Obituary: Brian Harrison

Posted by rmt22 at Oct 24, 2018 11:05 AM |
We were saddened to hear of the passing of Brian Harrison, who worked in our School of Education some years ago.

Brian Harrison, who died on 8 October was appointed as Lecturer in Education at the University of Leicester in 1969.

Brian was born in the Lake District. His father worked in the quarries, and the family lived in the village of Threlkald that nestles under Blencathra.

He attended Keswick High School, from where in 1952, he won a scholarship to Keble College Oxford, reading Modern Languages. Not many working class lads went to Oxford then – sadly few do today.

In 1956, Brian did his two years National Service in Egypt during the time of the Suez crisis. After working for Schweppes for two years, he won a British Council Scholarship to study Teaching English as a Second Language (TESOL) and followed, in 1961 a PGCE Course at London Institute of Education.

Brian’s postings were first, in 1962 to Morocco and then, in 1965 to Hyderabad, India where he was responsible for the training of teachers of English at the Central Institute.

On returning to Britain Brian took a post at Keighley College before being appointed in 1969 to the post of Lecturer in Education in the School of Education at Leicester University. During his time in Leicester he developed an innovative, and always over-subscribed PGCE course for TESOL, where the students went to Spain or Majorca for their teaching practices. He was also instrumental in developing a successful Diploma course for English teachers from The Kingdom of Saudi Arabia and an MA in Applied Linguistics. The books he wrote on Language Teaching are well used in Asia today.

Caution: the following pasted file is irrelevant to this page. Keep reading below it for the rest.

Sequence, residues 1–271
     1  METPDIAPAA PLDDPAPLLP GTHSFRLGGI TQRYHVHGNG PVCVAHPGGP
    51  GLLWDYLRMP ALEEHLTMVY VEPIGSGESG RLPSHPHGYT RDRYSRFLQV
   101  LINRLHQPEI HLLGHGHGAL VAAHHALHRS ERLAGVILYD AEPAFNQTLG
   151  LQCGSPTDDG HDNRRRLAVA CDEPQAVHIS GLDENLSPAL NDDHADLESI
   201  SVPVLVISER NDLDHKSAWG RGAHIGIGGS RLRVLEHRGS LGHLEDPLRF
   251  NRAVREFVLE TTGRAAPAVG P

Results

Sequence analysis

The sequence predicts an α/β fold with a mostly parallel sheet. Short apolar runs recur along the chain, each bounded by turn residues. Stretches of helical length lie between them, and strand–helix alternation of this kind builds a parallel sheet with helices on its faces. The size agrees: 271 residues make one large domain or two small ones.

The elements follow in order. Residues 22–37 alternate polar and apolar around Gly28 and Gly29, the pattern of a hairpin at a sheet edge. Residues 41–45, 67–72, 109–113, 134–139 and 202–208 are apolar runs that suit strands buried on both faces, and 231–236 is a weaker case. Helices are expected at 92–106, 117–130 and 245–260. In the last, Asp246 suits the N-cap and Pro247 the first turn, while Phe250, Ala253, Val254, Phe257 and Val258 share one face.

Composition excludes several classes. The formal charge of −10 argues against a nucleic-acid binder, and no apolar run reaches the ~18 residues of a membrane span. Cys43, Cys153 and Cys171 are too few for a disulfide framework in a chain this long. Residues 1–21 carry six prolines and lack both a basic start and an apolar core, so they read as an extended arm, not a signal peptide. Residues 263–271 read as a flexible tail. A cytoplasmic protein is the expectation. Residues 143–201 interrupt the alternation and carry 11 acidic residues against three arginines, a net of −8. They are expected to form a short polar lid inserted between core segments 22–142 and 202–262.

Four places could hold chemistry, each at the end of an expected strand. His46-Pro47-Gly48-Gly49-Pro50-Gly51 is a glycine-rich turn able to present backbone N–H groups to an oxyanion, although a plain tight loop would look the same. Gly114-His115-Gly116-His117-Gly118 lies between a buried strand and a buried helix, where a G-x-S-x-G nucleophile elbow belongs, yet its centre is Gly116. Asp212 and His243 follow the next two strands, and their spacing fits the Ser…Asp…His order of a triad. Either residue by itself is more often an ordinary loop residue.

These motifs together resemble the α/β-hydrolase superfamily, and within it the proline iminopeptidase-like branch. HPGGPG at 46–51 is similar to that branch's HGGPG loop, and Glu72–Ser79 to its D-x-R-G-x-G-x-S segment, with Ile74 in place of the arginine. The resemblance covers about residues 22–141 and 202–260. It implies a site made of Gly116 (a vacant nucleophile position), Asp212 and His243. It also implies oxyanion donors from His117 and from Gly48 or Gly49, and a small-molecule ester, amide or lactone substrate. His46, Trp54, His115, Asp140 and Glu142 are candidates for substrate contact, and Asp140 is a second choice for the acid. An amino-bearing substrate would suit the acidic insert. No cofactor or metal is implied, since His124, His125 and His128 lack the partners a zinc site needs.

Following his early retirement Brian, who was always very community minded, wanted to give something back. He taught as a Scale 1 teacher at a Comprehensive School in the city; ran Literacy courses for Asian women and courses for GPs and hospital doctors, enabling them to use simple language in order to help with diagnoses.

In 2005, he went to live in Patagonia, Argentina, where he taught English to local people and wrote a book on the exploits of Charles Darwin in South America.

Having been diagnosed with Parkinson’s disease, he returned to UK in 2014. Brian leaves five children; one son predeceased him, and four grandchildren.

His funeral is at The Great Glen Crematorium on 5 November at 11.30am.

Written by David Tomley a former colleague and friend.

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